* The '''University of Notre Dame''' has a legendary place in the history of college football (they're the only team, collegiate or otherwise, who have a national television contract for all home games, and still have more national championships than any other team, despite none since 1988). They are also the traditional flagship team of American Catholicism (as Notre Dame is a Catholic school). Notre Dame is thought of as a "Power 5" school and has special arrangements to appear in the Orange Bowl as a potential opponent for an ACC team. It can also appear in lower-profile bowls instead of an ACC team and plays at least 5 ACC opponents a year, as part of a deal made when Notre Dame's other sports teams joined the ACC in 2013.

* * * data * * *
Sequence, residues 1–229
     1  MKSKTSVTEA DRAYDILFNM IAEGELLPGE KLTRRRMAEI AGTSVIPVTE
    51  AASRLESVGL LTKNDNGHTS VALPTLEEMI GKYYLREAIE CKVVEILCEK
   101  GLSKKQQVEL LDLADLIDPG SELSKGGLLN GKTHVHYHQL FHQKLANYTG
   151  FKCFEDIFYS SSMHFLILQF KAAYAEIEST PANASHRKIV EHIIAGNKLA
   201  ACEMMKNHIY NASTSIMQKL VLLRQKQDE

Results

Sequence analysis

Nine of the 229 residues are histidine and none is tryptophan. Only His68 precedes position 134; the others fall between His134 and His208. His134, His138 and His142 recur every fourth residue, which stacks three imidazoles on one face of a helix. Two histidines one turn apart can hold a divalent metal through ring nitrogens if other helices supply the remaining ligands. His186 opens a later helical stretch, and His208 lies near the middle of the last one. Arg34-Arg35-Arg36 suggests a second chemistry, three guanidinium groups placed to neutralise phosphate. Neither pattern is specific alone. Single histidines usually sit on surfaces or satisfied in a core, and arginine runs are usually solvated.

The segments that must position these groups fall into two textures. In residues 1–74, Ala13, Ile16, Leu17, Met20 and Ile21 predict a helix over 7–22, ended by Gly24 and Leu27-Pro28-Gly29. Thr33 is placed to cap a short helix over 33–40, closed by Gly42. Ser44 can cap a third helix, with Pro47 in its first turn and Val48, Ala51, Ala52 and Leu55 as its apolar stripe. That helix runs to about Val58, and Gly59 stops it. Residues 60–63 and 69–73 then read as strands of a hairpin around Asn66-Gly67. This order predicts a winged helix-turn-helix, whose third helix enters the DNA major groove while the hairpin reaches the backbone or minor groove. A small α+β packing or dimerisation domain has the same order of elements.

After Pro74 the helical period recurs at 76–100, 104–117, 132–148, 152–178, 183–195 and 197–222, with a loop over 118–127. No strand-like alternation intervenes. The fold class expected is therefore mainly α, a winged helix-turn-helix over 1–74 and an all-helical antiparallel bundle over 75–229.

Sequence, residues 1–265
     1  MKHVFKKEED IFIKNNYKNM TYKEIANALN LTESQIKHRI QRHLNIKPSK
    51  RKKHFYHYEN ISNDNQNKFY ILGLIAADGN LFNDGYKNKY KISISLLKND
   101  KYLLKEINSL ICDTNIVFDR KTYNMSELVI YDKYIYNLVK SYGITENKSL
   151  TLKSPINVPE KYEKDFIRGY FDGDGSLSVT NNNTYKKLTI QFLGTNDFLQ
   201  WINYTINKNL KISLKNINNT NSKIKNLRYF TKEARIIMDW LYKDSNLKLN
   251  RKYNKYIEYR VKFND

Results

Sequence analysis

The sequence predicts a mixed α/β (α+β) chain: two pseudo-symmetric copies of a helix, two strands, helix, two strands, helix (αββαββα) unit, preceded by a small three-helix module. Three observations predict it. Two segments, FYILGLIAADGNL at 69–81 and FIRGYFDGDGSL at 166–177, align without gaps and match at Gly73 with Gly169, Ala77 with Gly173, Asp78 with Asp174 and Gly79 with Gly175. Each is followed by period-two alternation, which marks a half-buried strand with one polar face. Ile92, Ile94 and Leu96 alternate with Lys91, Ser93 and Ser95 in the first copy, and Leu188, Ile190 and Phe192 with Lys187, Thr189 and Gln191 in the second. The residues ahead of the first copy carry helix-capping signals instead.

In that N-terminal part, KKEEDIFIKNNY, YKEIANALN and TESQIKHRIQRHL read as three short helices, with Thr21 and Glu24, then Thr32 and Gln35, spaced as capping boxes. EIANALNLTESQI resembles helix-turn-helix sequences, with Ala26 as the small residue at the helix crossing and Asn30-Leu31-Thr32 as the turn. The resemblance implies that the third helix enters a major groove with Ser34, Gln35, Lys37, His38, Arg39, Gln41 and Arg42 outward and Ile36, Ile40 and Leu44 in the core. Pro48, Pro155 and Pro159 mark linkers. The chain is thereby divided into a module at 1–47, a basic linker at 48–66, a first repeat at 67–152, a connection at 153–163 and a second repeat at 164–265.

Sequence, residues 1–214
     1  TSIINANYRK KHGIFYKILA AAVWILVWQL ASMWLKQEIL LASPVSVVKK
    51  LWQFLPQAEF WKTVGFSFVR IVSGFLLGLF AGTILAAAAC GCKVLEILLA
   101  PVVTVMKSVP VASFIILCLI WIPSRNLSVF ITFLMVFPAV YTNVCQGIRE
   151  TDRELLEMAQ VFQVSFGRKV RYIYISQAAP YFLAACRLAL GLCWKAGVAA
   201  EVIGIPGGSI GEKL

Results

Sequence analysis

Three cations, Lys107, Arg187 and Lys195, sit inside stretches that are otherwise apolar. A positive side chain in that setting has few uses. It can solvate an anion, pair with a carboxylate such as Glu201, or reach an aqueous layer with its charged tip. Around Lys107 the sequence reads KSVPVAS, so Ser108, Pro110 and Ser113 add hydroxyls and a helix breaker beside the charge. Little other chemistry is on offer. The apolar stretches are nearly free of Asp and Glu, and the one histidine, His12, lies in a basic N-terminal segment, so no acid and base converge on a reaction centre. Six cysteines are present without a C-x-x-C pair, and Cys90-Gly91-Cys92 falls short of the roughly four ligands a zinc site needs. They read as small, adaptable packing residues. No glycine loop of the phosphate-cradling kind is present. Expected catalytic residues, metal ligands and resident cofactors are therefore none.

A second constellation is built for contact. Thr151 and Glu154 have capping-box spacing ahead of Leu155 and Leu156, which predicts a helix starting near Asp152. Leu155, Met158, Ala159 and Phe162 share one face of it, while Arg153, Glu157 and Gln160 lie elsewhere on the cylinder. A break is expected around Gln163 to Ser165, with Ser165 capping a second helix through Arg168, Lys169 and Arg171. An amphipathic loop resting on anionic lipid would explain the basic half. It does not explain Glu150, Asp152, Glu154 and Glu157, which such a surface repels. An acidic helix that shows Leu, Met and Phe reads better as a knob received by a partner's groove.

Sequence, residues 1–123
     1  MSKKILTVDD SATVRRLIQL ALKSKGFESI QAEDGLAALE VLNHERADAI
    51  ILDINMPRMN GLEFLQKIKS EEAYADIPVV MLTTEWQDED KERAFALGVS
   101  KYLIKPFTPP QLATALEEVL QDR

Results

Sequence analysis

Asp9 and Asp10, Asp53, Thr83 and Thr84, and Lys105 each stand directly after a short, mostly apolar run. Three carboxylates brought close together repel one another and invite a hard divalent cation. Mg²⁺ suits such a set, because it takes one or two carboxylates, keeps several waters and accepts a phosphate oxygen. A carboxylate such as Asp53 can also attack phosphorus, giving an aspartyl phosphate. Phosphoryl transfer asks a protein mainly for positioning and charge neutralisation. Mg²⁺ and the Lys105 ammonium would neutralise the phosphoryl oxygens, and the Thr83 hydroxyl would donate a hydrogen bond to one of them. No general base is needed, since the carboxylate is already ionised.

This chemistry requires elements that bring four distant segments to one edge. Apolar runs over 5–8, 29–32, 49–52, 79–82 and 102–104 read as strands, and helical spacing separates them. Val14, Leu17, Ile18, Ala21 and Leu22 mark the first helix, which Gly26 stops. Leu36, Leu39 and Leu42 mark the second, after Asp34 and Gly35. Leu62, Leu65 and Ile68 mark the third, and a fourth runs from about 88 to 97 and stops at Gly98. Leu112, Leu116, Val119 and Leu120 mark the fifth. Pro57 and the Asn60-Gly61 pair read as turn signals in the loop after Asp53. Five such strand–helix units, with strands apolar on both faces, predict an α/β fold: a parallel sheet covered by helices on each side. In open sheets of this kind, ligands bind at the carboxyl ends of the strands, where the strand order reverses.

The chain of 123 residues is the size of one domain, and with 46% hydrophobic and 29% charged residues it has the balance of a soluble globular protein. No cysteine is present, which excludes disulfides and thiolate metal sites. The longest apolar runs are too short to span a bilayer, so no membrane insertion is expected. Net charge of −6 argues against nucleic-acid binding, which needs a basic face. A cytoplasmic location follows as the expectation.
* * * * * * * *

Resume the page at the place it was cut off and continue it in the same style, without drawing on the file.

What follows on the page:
* '''Army''' (the United States Military Academy), one of the service academy teams. Navy's football team was also independent until it joined the American Athletic Conference in 2015, while Air Force has been in conferences since 1980, first in the Western Athletic Conference and since 1999 in the the Mountain West Conference. Like Navy and Air Force, Army is considered on par with the "Group of 5" teams. However, two of the Power Five leagues (the Big Ten and SEC) have included Army as a surrogate Power Five opponent for purposes of non-conference scheduling.[[note]]All of the Power Five leagues except the Pac-12 are phasing in requirements that each conference member play at least one non-conference game against another Power Five team.[[/note]] The Army-Navy game serves as the traditional last game of the season, and it is still televised nationally despite both service academies having been out of title contention for decades; the service academies have very strict academic and physical requirements (specifically weight limits) that preclude the ability to compete with more forgiving civilian schools.